By Scott Ellingson (firstname.lastname@example.org), section editor: bloc[k] beat
This week, both sides of the gun rights debate in Illinois met defeat in the General Assembly. On Thursday night, the bill supported by gun-rights advocates and the National Rifle Association fell seven votes short the 71 votes necessary. Only the day before, gun-control advocates saw an amendment to the bill that would have given local sheriffs the ability to deny applicants at-will on the floor with only 31 supporting votes. The Governor rallied support against the bill.
Rep. Mike Bost, Republican from downstate Murphysboro, erupts on the floor to argue with Rep. Scott Drury, a Democrat from Chicago’s North Shore suburbsUncertainty meets the Illinois General Assembly in the future, with only seven weeks remaining until the June 9th deadline to create conceal and carry permit legislation. The deadline was set by a Federal Appellate court in December when it struck down the state’s previous law, which completely banned carrying concealed weapons. If the General Assembly cannot pass conceal and carry legislation by that deadline, the state law will be declared invalid and the state will revert to “constitutional carry”: where any weapon will be legal to carry without a permit almost anywhere.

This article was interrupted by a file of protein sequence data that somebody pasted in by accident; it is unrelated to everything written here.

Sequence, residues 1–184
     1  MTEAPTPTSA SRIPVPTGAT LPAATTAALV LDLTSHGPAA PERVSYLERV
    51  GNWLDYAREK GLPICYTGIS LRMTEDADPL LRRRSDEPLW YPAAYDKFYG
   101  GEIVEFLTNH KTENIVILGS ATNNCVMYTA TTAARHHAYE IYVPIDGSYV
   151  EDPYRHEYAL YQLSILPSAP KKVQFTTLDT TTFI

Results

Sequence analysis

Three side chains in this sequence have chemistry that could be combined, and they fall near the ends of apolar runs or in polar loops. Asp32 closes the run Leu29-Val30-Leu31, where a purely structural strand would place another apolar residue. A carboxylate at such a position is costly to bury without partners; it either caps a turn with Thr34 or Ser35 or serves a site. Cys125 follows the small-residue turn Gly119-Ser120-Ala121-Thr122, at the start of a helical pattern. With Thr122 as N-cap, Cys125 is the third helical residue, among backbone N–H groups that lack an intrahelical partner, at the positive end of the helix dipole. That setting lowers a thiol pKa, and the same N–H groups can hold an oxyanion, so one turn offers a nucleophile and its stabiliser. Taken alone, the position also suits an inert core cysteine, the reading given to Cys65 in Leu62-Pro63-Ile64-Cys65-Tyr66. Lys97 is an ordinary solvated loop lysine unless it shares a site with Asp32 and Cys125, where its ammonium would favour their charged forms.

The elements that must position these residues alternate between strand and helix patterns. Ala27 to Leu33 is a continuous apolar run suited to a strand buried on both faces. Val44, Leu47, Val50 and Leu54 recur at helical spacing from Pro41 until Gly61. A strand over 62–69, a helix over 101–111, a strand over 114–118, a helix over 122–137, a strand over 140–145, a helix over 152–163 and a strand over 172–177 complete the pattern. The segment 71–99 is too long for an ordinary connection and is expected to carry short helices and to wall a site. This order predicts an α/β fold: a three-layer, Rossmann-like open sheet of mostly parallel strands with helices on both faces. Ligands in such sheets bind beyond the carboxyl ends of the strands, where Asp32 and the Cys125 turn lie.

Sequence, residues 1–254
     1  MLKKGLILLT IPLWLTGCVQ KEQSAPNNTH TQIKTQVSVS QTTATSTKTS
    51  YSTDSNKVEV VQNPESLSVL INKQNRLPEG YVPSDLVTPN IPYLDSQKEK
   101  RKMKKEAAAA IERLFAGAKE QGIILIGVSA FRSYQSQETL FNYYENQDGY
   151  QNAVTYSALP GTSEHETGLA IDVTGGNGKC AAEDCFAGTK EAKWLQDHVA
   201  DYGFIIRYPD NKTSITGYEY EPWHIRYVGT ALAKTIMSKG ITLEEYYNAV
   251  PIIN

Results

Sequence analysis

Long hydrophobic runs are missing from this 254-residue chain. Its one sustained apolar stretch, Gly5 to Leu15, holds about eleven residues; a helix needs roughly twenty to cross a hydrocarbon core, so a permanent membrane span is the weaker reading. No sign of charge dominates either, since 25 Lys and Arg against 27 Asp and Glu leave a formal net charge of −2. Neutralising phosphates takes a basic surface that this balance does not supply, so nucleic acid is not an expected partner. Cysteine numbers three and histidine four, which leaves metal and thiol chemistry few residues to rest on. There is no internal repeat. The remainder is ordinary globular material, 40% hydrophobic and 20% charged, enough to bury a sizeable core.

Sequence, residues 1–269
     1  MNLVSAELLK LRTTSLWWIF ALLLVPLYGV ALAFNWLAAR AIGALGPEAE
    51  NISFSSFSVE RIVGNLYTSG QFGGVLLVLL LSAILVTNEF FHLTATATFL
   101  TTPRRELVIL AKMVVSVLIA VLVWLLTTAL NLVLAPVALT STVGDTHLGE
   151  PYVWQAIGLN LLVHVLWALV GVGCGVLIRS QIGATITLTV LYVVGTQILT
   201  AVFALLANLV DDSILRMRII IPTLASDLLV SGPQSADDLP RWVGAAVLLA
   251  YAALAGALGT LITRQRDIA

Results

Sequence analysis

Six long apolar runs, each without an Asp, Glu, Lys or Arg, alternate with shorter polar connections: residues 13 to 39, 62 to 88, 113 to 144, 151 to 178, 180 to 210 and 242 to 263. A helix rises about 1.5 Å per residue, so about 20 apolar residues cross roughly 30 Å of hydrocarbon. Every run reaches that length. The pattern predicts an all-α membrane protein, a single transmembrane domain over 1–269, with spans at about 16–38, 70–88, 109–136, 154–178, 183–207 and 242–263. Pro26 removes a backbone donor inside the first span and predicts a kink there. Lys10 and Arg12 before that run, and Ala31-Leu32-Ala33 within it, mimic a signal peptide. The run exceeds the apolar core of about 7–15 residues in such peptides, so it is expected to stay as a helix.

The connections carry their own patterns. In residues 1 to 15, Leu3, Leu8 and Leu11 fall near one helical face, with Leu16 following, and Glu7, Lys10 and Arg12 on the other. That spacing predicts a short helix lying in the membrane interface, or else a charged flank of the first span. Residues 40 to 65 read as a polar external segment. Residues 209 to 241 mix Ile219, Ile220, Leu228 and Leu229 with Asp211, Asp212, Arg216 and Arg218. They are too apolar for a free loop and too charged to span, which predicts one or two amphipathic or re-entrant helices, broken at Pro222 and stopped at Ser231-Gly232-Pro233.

The division lies between Chicago Democrats and both Democrats and Republicans from rural areas. The Chicago Democrats appear the weakest, as they supported the failed amendment this Wednesday proposed by Rep. Kelly Cassidy of the 14th district in Edgewater. The amendment would have given local authorities the ability to deny permits at-will regardless of the applicant meeting all of the legal requirements.
California, New York, and Maryland already have permit systems that work on this “may-issue” standard, whereas most states operate on the “shall-issue” standard supported the NRA and downstate legislators, where permits must be issued if the applicants meet the legal requirements. The “may-issue” standard survived a constitutional challenge this week as well, when New York State’s law that puts the burden on the applicant to prove they have a “good cause” to be issued a permit was ruled constitutional.
However, the Illinois legislature appears deadlocked, making “Constitutional Carry” appear an inevitable doomsday for gun-control proponents in Illinois. Chicago Democrats and the Governor seem unable to pass “may-issue” legislation and rural legislators are uninterested in compromising any further. Todd Vandermyde, lobbyist for the National Rifle Association, told the Associated Press this week: “I’m not sure there’s much else for us to talk about.”